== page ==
that's what I say in my selfish and ego attitude.
Mastering Photoshop is nothing. Whether you pain a portrait with this or that brush doesn't matter, the outcome is what counts
PS: I was just browsing your site while typing this. And that:
Sorry, this GeoCities site is currently unavailable.
The GeoCities web site you were trying to view has temporarily exceeded its data transfer limit. Please try again later.
But from the images I've seen I can only beg you, remove those fake ad's and newspapers! They do not just look a bit ridiculous (sorry), but you can also run into serios copyright issues!
Yes, Stan. I am very much Pinoy, born and raised. Here in Guam, who doesn't know about Manny Pacquiao?!! I belong in another profession which I love and retouching/restoring is a hobby for me.
Just be persistent in your job hunting. I've been in your position before and I know how it is back there. The thought that kept me going was "Maybe of the 100 jobs that I applied for, there is one that is perfect for me." Keep honing your skills too, even if you have your dream job already.
Knowing Indesign and illustrator is a big plus. If you can do all three well, you'll find work, but experience is a big plus. I've found that retouching is just part of it, having a strong background in color theory is the other half of being a asset as a photoshop guru. It's all about knowing what your images are going to look like once their printed. Most small shops can't keep a retoucher or staff of color retouchers busy throughout the entire year, so if your looking for work, you would do yourself a big favor by adding that your proficient in the desktop side and be able to back it up. Problem is, learning everything you need to know is almost impossible without learning it on the job. You would be amazed at what clients don't know and you have to figure out on your own. Not to mention the fresh recruits of designers that come out every year thinking that the latest plug-ins will make thier designs amazing. Well, not all pre-press shops can handle and rip what the latest features in illustrator and indesign have to offer, so your stuck rebuilding stuff in photoshop just to get a print run. lol. headaches for everyone. Anyway, this is my first post here and I'm glad to be here. Hope everyone finds the job they want, but be ready, it can be as fun as you want it, and at the same time, a real pain in the butt!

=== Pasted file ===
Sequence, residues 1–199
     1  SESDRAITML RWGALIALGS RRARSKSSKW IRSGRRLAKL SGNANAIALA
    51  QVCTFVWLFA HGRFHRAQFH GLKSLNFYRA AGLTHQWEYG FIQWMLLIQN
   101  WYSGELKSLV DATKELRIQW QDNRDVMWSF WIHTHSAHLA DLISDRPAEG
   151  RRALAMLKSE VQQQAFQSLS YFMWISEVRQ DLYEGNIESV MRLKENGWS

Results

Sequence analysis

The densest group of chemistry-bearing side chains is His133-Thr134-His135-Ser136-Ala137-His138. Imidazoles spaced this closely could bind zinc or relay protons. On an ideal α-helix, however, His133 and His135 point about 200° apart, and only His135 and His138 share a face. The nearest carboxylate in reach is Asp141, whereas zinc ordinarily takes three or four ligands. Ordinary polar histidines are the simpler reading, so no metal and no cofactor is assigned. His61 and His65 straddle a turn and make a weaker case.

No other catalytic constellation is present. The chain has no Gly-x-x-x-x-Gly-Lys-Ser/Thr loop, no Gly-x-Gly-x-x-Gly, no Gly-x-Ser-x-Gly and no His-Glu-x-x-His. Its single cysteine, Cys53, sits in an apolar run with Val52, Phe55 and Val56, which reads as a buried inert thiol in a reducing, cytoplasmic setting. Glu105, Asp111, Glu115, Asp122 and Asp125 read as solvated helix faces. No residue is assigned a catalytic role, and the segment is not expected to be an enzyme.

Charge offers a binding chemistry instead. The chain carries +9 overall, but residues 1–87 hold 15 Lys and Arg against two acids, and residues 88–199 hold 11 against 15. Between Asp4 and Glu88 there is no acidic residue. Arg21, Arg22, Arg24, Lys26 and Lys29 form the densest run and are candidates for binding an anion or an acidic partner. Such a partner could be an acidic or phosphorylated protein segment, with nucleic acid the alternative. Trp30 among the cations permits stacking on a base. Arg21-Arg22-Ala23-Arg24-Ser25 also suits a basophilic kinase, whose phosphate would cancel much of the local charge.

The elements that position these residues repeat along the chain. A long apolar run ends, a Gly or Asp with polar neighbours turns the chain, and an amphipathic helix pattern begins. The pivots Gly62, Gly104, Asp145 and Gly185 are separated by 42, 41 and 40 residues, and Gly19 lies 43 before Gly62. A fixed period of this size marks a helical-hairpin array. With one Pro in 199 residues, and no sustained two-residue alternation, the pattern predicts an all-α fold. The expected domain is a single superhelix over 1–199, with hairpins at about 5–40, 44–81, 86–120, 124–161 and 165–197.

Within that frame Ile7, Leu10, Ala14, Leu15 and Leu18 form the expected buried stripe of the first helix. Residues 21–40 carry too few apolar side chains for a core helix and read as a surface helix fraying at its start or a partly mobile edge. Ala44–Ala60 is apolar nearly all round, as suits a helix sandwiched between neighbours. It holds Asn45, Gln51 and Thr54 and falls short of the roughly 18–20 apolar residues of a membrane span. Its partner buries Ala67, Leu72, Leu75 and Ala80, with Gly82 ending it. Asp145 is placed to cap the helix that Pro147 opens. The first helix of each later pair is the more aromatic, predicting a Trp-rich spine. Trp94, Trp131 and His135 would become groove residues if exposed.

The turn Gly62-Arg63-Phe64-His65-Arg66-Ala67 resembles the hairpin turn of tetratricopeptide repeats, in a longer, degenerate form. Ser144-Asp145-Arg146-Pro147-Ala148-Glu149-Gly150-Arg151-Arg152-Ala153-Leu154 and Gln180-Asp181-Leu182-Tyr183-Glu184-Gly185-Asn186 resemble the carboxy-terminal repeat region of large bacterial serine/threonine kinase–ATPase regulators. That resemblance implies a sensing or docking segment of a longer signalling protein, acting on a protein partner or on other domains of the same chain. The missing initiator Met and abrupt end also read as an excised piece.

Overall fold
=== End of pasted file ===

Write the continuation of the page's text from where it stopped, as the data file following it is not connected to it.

wow, i don't know what to say.
You don't have to worry on being harsh to me, it took me awhile to decide if I am going to seek people's advice on my work, and i am glad i did.
When I uploaded it, I was only thinking of getting people to see my stuff, I didn't get into so much details. Now I certainly will, thanks much.
About mastering photoshop, I know it is impossible to master it, I just wrote that to pull me up a bit, I would have to rephrase that.
Thank you for your reply.
I certainly would remove the fake ads. Thank you for telling me.
Thank you for your reply.
It's nice that you guys took some time to say something, and this is very much appreciated. Thank you
Patrick, interesting web site...and wanted to say how much I appreciate
your comments about becoming an "artist" and how you do that...that's
how I feel....my "heart" is in my work...I see it...then it goes to image
form....I see the photo...then take the photograph...or I envision the
collage, etc...then create it....I'm new in the photography business and
have always loved photography but until I got serious a few years ago....
until now...it's very nice to view my own improvement and enjoy the benefits
of things I've learned seeing them in my own creations...
Thank you for your view on becoming an "artist". I totally agree...and feel
I "see" the photograph or created image first...in my heart...and mind....I recently started FamilyTies Photography and it's interesting to see my own
improvement since I really got serious a few years ago...